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Anne Dejean-Assémat receives the Sjöberg Prize 2018

Institut Pasteur

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Credit: (c) François Gardy - Institut Pasteur

Professor Anne Dejean-Assémat, Head of the Nuclear Organization and Oncogenesis Unit at the Institut Pasteur and Inserm, has recently been awarded the Sjöberg Prize 2018, along with Professors Hugues de Thé from the Collège de France and Zhu Chen from Shanghai Jiao Tong University, China. This prize, awarded by the Royal Swedish Academy of Sciences, was set up in 2016 to recognize scientists whose work has led to major breakthroughs in cancer research. The Sjöberg Prize carries a grant of $1 million to fund the future research of these three eminent scientists.

The Sjöberg Prize was awarded on Tuesday February 6, 2018 to Professors Anne Dejean-Assémat from the Institut Pasteur and Inserm, Hugues de Thé from the Collège de France and Zhu Chen from Shanghai Jiao Tong University, China, in recognition of their research on acute promyelocytic leukemia (APL), one of the most aggressive forms of blood cancer.

The Sjöberg Prize, awarded by the Royal Swedish Academy of Sciences, was set up in 2016 to recognize scientists who have made major discoveries in cancer research.

The laureates of this year's Sjöberg Prize have been working for almost 30 years at both academic and clinical level to shed light on the molecular mechanisms involved in the emergence and treatment of APL.

The story began back in 1980 when Anne Dejean-Assémat, then a PhD student in the laboratory of Pierre Tiollais at the Institut Pasteur, successfully cloned the integration site of the hepatitis B virus in one of the chromosomes of cancerous liver cells and demonstrated the role of this virus in the development of liver cancer. With Hugues de Thé, who joined her newly formed team to complete his own PhD, she identified this integration site as the receptor site for retinoic acid, a natural vitamin A derivative which plays an important role in controlling cell proliferation and differentiation.

In 1990, Anne Dejean-Assémat and Hugues de Thé joined forces with clinician Laurent Degos to demonstrate that APL patients have a defective retinoic acid receptor in their blood cells because of a translocation between two chromosomes, and that leukemia cells have an abnormal nucleus. These findings were not only significant on an academic level; they also explained why retinoic acid, used in APL treatment by teams of Chinese and French clinicians, is effective in treating this type of blood cancer because it corrects molecular and cellular defects in leukemia cells.

Shortly afterwards, Zhu Chen, a Chinese physician and molecular biology researcher, demonstrated that arsenic, which is often used in traditional Chinese medicine, is also effective in treating APL, and that the combination of retinoic acid and arsenic trioxide acts in synergy in cancerous blood cells. This combination increases the chances of recovery by 90%. At the same time, Anne Dejean-Assémat and Hugues de Thé successfully showed that arsenic induces a modification in the defective retinoic acid receptor, resulting in its degradation. So retinoic acid and arsenic act as two weapons with different mechanisms to correct the defect responsible for this type of leukemia.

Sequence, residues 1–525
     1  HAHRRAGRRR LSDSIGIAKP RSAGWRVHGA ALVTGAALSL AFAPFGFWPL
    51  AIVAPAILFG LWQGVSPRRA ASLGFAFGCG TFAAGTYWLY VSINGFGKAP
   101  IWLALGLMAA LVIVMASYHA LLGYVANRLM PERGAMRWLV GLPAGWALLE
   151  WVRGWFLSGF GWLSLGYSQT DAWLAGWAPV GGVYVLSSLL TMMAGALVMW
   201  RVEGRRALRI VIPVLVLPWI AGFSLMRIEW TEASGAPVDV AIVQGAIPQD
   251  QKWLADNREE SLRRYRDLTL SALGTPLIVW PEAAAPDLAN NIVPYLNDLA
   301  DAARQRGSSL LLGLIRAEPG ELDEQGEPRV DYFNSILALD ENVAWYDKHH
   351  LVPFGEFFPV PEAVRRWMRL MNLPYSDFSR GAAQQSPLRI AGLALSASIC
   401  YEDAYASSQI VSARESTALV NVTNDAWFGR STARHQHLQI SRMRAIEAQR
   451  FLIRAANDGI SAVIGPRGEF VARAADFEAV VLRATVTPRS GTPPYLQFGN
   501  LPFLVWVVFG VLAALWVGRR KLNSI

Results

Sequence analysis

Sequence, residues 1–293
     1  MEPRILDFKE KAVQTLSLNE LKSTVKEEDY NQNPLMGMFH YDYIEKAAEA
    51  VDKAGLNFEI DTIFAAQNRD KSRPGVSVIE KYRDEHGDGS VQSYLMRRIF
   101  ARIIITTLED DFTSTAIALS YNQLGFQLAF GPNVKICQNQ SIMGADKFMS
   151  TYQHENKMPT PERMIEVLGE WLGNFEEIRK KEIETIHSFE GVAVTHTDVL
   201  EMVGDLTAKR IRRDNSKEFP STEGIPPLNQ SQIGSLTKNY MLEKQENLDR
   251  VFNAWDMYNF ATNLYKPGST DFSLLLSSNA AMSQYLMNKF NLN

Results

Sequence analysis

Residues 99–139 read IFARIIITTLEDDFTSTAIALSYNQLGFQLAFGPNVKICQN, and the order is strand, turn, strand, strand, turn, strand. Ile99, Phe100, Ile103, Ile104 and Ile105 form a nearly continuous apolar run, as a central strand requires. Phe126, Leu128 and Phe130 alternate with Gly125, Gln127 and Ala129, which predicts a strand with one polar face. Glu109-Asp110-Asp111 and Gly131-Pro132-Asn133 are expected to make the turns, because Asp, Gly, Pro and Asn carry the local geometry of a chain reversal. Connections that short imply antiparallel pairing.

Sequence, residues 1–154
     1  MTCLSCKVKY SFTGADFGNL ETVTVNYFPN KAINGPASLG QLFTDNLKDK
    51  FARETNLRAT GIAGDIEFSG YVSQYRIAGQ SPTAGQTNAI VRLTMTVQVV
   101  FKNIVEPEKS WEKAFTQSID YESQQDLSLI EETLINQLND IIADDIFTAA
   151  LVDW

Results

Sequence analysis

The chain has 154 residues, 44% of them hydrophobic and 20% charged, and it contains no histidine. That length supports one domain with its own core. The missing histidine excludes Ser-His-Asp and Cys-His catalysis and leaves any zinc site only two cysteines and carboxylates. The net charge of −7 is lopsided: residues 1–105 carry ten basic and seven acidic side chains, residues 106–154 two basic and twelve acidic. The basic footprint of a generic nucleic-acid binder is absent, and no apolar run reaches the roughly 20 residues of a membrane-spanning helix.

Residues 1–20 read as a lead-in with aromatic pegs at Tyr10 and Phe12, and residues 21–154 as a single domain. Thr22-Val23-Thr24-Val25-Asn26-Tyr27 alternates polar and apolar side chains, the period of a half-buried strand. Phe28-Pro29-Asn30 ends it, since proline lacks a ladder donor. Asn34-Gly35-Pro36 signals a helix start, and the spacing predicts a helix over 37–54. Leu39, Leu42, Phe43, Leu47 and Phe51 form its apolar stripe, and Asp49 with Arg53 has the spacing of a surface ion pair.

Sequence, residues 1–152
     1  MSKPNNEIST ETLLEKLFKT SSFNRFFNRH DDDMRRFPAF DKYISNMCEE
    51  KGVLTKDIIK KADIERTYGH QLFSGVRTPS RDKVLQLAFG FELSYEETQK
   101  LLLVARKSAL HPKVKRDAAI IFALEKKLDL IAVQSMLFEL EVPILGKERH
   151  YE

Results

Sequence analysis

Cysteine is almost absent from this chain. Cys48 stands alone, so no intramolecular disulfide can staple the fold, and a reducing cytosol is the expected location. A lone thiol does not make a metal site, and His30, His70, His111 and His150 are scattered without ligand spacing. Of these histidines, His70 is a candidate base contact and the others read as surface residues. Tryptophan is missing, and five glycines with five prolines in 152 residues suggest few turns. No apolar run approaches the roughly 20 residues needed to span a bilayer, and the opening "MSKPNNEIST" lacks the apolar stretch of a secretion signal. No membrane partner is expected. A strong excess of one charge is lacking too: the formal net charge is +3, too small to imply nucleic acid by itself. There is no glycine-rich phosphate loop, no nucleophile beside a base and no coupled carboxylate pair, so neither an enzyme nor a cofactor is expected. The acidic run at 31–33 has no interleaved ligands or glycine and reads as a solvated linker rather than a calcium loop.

By pooling their efforts and combining academic and clinical research, the three laureates of the Sjöberg Prize have successfully elucidated the oncogenic mechanism of APL and developed an innovative treatment for one of the deadliest forms of leukemia.

This new treatment, based on a combination of retinoic acid and arsenic trioxide, represents a revolutionary new approach to acute promyelocytic leukemia treatment, leading to the degradation of the oncogene that causes the cancer.

As Anne Dejean-Assémat explains, "This is a wonderful recognition of our contribution to the understanding of the molecular and cellular basis for a severe form of leukemia and its effective cure, which will foster the future development of highly effective oncogene-targeted therapies founded on similar approaches. I feel deeply honored and, at the same time, very privileged to join the company of the prior recipients, whom I hold in great esteem."

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- Anne Dejean-Assémat -

Anne Dejean-Assémat was born in Cholet, in the Maine-et-Loire département in France. She has three children. She holds a PhD in Biochemistry and Molecular Biology from Pierre and Marie Curie University, Paris, and she joined the Institut Pasteur in 1980 to complete her doctoral studies in the laboratory run by Pierre Tiollais. In 1985, she was recruited as a Research Associate at Inserm. She was promoted to the position of senior Director of Research in 2009 and was appointed as a Professor at the Institut Pasteur in 2010.

Anne Dejean-Assémat has been Director of the Nuclear Organization and Oncogenesis Research Unit at the Institut Pasteur (Inserm U993) since 2003. She has authored more than 160 scientific publications in leading international peer-reviewed journals. Her research on the mechanisms of oncogenesis has achieved international recognition and received several awards.

Anne Dejean-Assémat is a member of the French Academy of Sciences and of several other learned societies in France and at international level.

- The Sjöberg Prize -

The Sjöberg Prize is awarded by the Royal Swedish Academy of Sciences and funded by the Sjöberg Foundation. This foundation was set up in 2016 by the entrepreneur Bengt Sjöberg, who donated nearly €200 million (2 billion Swedish krona) to promote and support research targeting cancer, health and the environment.

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